When thinking about lowering or changing consumption to lower carbon footprints, the obvious offenders come easily to mind: petroleum and petroleum products, paper and plastic, even food. But not clothes. Although the clothing industry is the second largest polluter after agriculture, most consumers do not think of clothes as a source of environmental damage. The Dirty Side of the Garment Industry: Fast Fashion and its Negative Impact on Environment and Society exposes how clever marketing tactics designed to increase demand skillfully hide this reality.
An in-depth examination of the international fashion trade and related goods, this book raises visibility of the ethical aspects of promoting overconsumption through explaining the ecological damage resulting from the high rate of discarding old clothes. It focuses on the promotion, globalization, and integration of the apparel sector into our social and political landscape. It presents an expert overview of the garment industry, highlighting the harsh realities of the environmental and labor problems associated with it. It tracks the commercial and cultural factors that have led to the growth of fast fashion retail and its dominance of the entire industry.
The book covers current regulatory policies, both national and international, on production and labor, and the author does not shy away from making recommendations for change. He examines marketing, business, and economic models to explain how assumptions of traditional economic theory on industrial growth and prosperity fall short in addressing the high social costs of promoting the overconsumption of cheap and readily disposable clothes. You will come away with a detailed, holistic understanding of the garment industry as well as clarity regarding the larger issue of finding balance when it comes to the ethics of consumption.
Table of Contents
From Fashion to Fast Fashion
A New Way to Create Trends
Teaching versus Listening to the Customer: Building the Foundations of Manipulation
Global Brand Proliferation
The Promotion of a Lifestyle
Advertising Behavior, Not Product
Global Taste and Preference Convergence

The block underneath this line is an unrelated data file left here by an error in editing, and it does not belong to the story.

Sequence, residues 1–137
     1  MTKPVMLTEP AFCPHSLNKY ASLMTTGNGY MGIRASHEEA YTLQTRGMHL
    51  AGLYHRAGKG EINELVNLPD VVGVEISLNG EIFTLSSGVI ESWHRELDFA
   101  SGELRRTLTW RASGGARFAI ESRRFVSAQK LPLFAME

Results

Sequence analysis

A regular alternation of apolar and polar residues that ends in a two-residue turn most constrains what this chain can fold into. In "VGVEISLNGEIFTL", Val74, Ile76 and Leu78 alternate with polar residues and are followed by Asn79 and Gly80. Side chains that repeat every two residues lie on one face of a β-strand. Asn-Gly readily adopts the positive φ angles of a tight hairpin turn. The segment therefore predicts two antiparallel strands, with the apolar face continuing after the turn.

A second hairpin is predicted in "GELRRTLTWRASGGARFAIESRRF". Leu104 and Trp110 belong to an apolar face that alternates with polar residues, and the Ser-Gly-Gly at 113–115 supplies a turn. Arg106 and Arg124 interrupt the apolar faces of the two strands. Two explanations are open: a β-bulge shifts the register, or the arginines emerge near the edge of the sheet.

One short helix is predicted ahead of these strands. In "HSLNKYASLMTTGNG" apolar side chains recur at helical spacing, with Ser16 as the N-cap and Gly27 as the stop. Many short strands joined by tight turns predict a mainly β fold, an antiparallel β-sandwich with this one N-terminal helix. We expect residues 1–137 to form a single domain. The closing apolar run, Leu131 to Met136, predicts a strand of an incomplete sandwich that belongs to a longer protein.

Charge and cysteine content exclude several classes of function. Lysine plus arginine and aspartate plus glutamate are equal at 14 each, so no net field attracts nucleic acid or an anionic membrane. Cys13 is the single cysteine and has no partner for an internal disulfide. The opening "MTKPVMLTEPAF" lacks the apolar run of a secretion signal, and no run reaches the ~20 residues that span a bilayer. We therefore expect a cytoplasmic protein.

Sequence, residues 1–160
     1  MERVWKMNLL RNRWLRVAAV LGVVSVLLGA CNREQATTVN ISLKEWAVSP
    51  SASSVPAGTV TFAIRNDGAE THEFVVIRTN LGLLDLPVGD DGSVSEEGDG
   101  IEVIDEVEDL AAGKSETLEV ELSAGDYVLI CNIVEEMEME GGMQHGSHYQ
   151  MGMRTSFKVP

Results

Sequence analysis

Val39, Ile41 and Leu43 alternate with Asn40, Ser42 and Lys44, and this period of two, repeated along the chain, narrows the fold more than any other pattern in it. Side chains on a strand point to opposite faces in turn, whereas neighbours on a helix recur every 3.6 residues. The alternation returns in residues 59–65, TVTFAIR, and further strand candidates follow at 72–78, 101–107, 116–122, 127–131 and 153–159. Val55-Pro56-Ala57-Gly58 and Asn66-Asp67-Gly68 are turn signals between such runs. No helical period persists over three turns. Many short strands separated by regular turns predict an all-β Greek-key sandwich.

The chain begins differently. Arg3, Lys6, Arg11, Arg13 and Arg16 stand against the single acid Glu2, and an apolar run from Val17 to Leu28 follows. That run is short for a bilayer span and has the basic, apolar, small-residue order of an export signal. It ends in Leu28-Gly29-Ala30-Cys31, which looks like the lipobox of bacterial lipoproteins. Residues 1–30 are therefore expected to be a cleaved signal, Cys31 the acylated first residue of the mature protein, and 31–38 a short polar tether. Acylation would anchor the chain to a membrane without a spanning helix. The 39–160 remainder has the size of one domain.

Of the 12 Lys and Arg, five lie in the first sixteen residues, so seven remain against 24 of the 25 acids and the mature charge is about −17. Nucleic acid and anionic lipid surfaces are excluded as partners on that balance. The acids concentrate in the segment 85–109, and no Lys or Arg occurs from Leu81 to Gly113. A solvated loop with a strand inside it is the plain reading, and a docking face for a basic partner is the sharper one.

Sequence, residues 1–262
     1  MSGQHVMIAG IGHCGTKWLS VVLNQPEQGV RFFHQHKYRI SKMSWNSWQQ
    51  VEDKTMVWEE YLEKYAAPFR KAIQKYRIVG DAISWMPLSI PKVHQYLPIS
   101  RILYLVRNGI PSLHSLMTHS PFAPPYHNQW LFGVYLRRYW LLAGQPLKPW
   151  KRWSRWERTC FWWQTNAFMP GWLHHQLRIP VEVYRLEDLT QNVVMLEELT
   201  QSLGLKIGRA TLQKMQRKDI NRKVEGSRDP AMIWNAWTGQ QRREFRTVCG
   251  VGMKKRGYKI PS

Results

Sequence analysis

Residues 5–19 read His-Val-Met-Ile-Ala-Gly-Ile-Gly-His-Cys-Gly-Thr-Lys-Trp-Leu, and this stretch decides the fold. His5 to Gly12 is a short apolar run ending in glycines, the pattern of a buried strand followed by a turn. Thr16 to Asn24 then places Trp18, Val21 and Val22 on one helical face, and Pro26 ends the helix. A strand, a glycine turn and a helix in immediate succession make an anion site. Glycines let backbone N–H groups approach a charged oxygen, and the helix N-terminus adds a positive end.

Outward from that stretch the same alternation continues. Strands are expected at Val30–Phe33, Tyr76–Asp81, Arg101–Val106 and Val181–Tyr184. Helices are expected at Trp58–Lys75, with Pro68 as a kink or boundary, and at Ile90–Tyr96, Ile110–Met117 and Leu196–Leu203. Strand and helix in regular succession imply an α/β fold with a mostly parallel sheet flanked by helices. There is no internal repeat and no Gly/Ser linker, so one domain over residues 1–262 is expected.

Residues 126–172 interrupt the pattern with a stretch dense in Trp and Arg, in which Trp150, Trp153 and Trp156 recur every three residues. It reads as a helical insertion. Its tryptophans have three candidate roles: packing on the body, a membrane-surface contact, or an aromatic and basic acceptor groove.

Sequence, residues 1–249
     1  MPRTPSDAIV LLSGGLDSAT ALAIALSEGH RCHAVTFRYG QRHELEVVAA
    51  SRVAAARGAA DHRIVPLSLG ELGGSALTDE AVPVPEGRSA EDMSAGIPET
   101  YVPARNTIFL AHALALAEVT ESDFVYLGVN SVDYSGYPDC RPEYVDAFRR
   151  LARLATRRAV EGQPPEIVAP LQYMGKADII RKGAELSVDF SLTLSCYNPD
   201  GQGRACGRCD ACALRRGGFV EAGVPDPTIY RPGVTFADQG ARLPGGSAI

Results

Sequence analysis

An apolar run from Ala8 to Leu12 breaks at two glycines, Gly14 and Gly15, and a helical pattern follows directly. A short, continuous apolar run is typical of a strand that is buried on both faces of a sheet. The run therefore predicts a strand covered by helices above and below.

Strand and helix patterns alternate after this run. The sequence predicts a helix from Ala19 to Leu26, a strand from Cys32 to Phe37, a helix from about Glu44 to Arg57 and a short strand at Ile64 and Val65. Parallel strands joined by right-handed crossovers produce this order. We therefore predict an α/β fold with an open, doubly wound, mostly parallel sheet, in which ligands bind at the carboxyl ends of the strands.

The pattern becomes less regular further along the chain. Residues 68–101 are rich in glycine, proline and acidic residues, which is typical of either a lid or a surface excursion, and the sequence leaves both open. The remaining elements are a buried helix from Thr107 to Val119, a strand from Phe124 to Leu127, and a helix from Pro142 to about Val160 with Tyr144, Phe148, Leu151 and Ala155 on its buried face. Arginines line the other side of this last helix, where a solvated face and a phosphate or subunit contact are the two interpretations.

The Production Platforms of Modern Garment Manufacturing
Changing Supply Chains
Retailer-Driven Business Model
Deregulating the International Trade in Clothes
Policy Winners and Losers
Recuperating Regulatory Losses Through Environmental Sourcing
The Carbon Footprint of Textile Manufacturing for Fast Fashion
The Ecological Impact of Fiber Production and Supply
King Cotton: The Economic Power of Cotton Producers
Exporting Cotton = Exporting Pollution
Existing in Isolation in the Production Chain?
The Direct and Social Costs of Low Prices
The Social Cost of Firm Profitability
Understanding Customer Utility
Theoretical Implications for Economic Analysis: Elastic
Choice but Inelastic Sales
The Economics, Demographics, and Ethics of the Low Price Quest
The Industrial Psychology of Impulses
The Moral Universe of Non–Wage Earners
The Elasticity of Dirty Consumption
Utility, Ethics, and the Quest for Sustainability in Fashion Commerce: Not While Prices Are Falling
Implications and Conclusions
The Economic Reasons for Ignoring Social Costs
Social Costs and Perverse Incentives in Fashion Economics
Telling the Hard Truth: Why Extant Solution Recommendations Are Ignored
Nikolay Anguelov is a professor of economic development in the Department of Public Policy at the University of Massachusetts, Dartmouth. He oversees the graduate certificate and concentration in Public Management for the Master of Public Policy (MPP) program as well as service the research-intensive policy analysis curriculum for the department. Dr. Anguelov is an interdisciplinary scholar whose work focuses on the adjacencies between economics, politics and diplomacy. His research focus is a product of his private sector experience in international trade. As an alumnus of the Fashion Institute of Technology, Dr. Anguelov started his career in the private sector of fashion and home product international commerce where he eventually started his own successful business. Those experiences define his attention to the role policy plays in creating economic incentives both domestically and internationally. Dr. Anguelov is also the author Policy and Political Theory In Trade Practice: Multinational Corporations and Global Governments (2014) and Economic Sanctions Vs. Soft Power: Lessons From Myanmar, North Korea and the Middle East (2015) both published by Palgrave Macmillan.